US4612196 *Aug 23, 1984Sep 16, 1986Miller Brewing CompanyPreparation of low alcohol beverages by reverse osmosis
US4626437 *Feb 1, 1982Dec 2, 1986Schweizerische EidgenossenschaftMethod for the preparation of alcohol-free wine
US4888189 *Aug 17, 1987Dec 19, 1989Ariel Vineyards, Inc.Simultaneous double reverse osmosis process for production of low and non-alcoholic beverages
US4902518 *Nov 9, 1987Feb 20, 1990Bioquip Australia Pty. LimitedLow alcohol wine
US4942045 *Oct 28, 1988Jul 17, 1990Chateau Yaldara Pty. Ltd.Grape juice concentrate
US4976974 *Jun 2, 1988Dec 11, 1990Chateau Yaldara Pty. Ltd.Grape juice concentrate and drink
Referenced by
Citing PatentFiling datePublication dateApplicantTitle
US6703055 *Apr 12, 2001Mar 9, 2004Daniel KleinWine fermentation cap management and pomace removal
US7891291Jun 30, 2009Feb 22, 2011Therma Corporation, Inc.Double lift tank wine press
CN100494336CMay 29, 2006Jun 3, 2009河北科技师范学院Method for regulating alcohol degree of wine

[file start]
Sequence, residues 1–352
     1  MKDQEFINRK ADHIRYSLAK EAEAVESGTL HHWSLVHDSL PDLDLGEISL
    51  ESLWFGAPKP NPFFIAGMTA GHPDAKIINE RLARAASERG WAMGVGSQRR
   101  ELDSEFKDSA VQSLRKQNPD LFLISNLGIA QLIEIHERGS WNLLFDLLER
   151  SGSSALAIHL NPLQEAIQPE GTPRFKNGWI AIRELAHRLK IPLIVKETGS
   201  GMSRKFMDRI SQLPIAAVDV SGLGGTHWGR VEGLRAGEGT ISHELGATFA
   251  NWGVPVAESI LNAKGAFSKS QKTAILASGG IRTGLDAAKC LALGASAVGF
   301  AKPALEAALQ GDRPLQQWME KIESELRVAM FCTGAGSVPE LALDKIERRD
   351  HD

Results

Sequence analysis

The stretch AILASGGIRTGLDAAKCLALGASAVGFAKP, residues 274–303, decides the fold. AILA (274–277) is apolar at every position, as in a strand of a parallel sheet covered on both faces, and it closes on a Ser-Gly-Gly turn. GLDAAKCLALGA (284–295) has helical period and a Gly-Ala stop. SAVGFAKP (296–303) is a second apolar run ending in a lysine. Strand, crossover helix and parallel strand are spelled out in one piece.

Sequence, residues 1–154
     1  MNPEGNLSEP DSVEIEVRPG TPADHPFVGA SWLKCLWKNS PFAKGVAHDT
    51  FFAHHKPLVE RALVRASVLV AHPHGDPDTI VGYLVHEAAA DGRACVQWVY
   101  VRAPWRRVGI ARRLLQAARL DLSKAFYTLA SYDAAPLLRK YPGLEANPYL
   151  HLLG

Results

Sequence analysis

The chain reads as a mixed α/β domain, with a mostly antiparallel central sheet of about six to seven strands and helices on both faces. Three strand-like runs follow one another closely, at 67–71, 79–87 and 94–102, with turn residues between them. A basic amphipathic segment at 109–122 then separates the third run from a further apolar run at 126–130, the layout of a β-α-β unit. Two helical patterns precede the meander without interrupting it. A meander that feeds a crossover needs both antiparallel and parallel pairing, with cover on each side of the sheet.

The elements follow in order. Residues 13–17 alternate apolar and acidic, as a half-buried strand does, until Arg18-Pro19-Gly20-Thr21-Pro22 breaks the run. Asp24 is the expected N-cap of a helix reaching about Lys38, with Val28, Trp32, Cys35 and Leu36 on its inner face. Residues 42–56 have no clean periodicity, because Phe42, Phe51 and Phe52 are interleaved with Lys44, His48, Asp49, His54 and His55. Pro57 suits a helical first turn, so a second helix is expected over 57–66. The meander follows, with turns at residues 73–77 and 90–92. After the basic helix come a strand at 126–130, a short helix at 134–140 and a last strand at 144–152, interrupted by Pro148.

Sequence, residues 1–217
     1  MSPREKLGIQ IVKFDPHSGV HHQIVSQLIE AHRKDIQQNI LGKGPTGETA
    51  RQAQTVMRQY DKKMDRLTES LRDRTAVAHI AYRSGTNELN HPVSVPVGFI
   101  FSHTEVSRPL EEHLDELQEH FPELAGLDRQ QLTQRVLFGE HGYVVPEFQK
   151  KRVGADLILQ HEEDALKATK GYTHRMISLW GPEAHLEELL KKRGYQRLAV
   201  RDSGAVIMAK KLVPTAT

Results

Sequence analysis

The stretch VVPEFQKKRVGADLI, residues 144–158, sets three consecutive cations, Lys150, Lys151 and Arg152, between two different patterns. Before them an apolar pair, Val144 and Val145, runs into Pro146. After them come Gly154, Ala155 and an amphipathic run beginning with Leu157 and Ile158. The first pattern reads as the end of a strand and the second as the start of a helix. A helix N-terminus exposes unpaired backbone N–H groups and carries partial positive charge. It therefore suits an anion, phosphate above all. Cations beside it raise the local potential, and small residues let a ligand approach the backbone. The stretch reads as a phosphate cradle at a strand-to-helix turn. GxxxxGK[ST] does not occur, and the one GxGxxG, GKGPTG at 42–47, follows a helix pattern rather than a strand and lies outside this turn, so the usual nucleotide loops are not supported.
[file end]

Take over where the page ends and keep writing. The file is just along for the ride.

Classifications
U.S. Classification426/15, 426/11, 426/592
International ClassificationC12G3/02
Cooperative ClassificationC12G3/025
European ClassificationC12G3/02B
Legal Events
DateCodeEventDescription
May 12, 2009FPExpired due to failure to pay maintenance fee
Effective date: 20090320
Mar 20, 2009LAPSLapse for failure to pay maintenance fees
Sep 29, 2008REMIMaintenance fee reminder mailed
Oct 4, 2004SULPSurcharge for late payment
Oct 4, 2004FPAYFee payment
Year of fee payment: 4
Dec 15, 1994ASAssignment
Owner name: CANANDAIGUA WINE COMPANY, INC., NEW YORK
Free format text: ASSIGNMENT OF ASSIGNORS INTEREST;ASSIGNOR:HEUBLEIN, INC;REEL/FRAME:007256/0953
Effective date: 19940805